Day 12 Travel Notes

    It was cloudy when we started out from Christchurch to Mount Cook. We traveled through farm country with vineyards and orchards. About half way along the route we got into more uplands terrain and the sun came out again. This part of the drive was along some of the most beautiful lakes we have seen on the whole trip. Lake Tekapo and later Lake Pukaki were breathtaking. They were the most beautiful blue and blue-green that I have ever seen in a large lake. Both of these lakes are artificial, behind hydroelectric dams, but they did not have the out-of-place appearance that such reservoirs often have in the US. Probably because both are in glacial valleys that may have held smaller lakes before the dams were built.

    We couldn't stop as much as we would like because we had to meet a bus for the Mount Cook Ski Plane trip to the Tasman Glacier at 3:00pm. We got to our hotel (The Hermitage) about 12:30 and checked into our room. It was on the 10th floor with a post-card view of Mt. Cook. Once settled in, we went looking for a place for lunch. The hotel was overrun with bus loads of tourists, mostly Japanese. Both of the hotel's operating restaurants were crowded and noisy. We decided to walk to another lodge which had a bar with food, but when we got there it was closed. Finally we ended at the Old Mountaineers Inn which was just what we were looking for. Not too fancy nor too crowded with a decent menu. We ate and bought a bottle of wine for later.

    Once back to our room we got our stuff ready for the Ski Plane flight and made arrangements to eat in the nicer (non-buffet) dining room that night. Then off to meet the shuttle to the airport.

    The airport is really tiny and the planes matched. They were Pilatus Porters - single engine ski-equipped high wingers. There were at least three that we saw and each could carry 8 passengers and the pilot. They gave us a short safety briefing then we were ready to take off. It was sunny and clear with little wind and we made an easy take-off. The plane then flew up the Tasman Glacier, climbing all the way.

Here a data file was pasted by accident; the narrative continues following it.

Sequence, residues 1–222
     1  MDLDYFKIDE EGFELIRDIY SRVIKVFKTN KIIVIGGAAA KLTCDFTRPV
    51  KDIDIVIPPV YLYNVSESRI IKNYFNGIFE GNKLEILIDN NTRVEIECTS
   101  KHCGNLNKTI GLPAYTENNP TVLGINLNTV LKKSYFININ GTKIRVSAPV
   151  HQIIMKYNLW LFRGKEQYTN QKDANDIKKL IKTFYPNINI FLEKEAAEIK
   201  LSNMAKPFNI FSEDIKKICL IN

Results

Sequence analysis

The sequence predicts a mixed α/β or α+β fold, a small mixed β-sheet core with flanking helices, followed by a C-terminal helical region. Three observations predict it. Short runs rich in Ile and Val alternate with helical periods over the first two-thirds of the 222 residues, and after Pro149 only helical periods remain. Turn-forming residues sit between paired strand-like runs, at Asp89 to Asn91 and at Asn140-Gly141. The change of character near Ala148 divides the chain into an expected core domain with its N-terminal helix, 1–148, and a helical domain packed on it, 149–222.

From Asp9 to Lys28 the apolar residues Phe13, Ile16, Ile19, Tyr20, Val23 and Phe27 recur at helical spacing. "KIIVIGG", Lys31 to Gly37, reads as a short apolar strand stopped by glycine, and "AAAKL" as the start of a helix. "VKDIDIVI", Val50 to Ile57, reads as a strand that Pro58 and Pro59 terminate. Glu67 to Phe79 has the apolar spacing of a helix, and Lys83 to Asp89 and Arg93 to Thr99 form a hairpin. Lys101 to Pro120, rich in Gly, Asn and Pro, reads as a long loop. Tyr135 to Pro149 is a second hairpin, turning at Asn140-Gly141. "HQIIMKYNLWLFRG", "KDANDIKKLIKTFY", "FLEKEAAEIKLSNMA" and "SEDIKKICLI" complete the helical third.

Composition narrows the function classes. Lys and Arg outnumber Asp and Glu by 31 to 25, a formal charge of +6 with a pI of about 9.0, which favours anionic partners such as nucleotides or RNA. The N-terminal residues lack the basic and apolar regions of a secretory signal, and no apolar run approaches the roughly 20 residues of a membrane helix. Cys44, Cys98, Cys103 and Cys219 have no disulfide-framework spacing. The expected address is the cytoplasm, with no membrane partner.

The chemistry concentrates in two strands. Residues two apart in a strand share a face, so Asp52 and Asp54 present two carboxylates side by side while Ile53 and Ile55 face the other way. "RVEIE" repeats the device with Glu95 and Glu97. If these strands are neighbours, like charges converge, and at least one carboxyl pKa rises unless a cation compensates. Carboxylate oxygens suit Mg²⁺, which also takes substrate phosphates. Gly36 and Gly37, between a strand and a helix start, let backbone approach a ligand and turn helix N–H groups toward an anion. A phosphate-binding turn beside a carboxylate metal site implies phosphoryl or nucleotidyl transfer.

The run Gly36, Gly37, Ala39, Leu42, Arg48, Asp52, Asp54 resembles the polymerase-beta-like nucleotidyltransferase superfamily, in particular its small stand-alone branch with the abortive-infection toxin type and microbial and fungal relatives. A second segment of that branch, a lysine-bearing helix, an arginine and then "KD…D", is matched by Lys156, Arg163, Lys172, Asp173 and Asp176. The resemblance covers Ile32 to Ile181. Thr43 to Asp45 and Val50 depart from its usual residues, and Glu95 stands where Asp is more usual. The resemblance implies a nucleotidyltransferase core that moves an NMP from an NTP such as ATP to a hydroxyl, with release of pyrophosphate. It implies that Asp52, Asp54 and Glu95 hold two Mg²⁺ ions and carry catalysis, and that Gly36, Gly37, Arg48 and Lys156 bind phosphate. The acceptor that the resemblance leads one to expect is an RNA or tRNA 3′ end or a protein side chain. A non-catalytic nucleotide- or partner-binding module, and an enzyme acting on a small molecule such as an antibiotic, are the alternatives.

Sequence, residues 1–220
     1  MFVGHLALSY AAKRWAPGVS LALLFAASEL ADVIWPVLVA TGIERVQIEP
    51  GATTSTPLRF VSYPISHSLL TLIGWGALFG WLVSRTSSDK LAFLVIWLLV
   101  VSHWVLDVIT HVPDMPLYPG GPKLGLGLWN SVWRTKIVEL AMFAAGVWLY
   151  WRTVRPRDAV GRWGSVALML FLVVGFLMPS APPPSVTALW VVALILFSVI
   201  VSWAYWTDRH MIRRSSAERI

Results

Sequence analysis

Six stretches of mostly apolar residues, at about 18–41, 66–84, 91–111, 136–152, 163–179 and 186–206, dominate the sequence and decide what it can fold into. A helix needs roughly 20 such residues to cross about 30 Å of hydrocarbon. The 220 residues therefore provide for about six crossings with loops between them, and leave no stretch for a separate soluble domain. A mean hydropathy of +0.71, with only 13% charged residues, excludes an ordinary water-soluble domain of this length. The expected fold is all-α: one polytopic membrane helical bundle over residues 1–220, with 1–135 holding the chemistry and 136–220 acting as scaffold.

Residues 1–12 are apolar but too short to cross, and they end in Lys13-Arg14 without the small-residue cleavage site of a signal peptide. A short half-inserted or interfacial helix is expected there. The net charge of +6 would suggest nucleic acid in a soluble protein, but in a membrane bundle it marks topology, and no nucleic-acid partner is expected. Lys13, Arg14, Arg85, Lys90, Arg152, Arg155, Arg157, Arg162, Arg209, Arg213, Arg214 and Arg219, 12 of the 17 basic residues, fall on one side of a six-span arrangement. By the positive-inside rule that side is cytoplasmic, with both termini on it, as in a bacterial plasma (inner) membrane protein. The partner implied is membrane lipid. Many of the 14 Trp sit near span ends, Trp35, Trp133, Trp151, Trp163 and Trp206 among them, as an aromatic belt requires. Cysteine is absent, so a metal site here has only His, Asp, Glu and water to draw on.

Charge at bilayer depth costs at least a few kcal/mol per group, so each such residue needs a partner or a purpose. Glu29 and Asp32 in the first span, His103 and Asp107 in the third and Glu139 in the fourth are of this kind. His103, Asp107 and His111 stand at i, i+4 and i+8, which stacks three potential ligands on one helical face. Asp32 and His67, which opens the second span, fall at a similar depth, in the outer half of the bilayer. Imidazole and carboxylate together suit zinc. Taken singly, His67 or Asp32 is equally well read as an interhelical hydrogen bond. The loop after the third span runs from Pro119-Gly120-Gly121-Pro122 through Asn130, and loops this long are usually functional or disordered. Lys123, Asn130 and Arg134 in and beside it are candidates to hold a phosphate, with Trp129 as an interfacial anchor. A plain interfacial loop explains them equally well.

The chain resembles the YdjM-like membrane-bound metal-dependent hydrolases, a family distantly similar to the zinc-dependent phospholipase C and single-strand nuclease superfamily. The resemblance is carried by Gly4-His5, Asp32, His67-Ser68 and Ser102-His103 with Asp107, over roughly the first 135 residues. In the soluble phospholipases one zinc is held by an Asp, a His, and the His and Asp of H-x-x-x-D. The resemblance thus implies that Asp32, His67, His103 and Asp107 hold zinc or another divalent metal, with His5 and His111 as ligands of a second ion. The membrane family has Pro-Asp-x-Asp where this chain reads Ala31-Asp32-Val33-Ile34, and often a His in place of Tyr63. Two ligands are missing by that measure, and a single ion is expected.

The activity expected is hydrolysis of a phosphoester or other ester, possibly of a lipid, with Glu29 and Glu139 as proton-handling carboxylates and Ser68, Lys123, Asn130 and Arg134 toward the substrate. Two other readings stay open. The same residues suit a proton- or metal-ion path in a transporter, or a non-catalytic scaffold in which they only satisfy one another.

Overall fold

The glacier and mountains below us were like nothing I have ever seen. Ice mixed with broken rock (Geological Term?) and gray sediment-filled water, flowing through braided channels. Higher up we saw the snowfields and another plane which had already landed.

    The landing was a genuine adrenaline rush, not very bumpy but raising rooster-tails of slushy snow behind us. Steering on the skis must be a trick as we tended to slew around as the aircraft slowed.

    Once stopped, we were able to get out on the glacier and walk around. Because it was very warm the snow was soft and slushy. We took pictures and threw a few snowballs but mostly everyone just stood in awe of the fantastic view. After about 15 minutes we got back on the plane to prepare for takeoff and return. Taking off on the downward slope of the glacier was a thrilling experience too, but we were airborne quickly and easily without a problem. The pilot said they sometimes do six flights a day so they have plenty of experience.

     We flew back by a slightly different route with spectacular views of waterfalls and 'jet-boat' rafts zipping along the glacial ponds. I think Jan and I agree that this flight was the most exciting event of our trip. Anyone who visits the Mt. Cook area should certainly try it themselves.

    Once we landed, a short bus trip got us back to our hotel and we relaxed and prepared for dinner. We had a nice evening with a great meal and a panoramic view of Mount Cook as the sun set.

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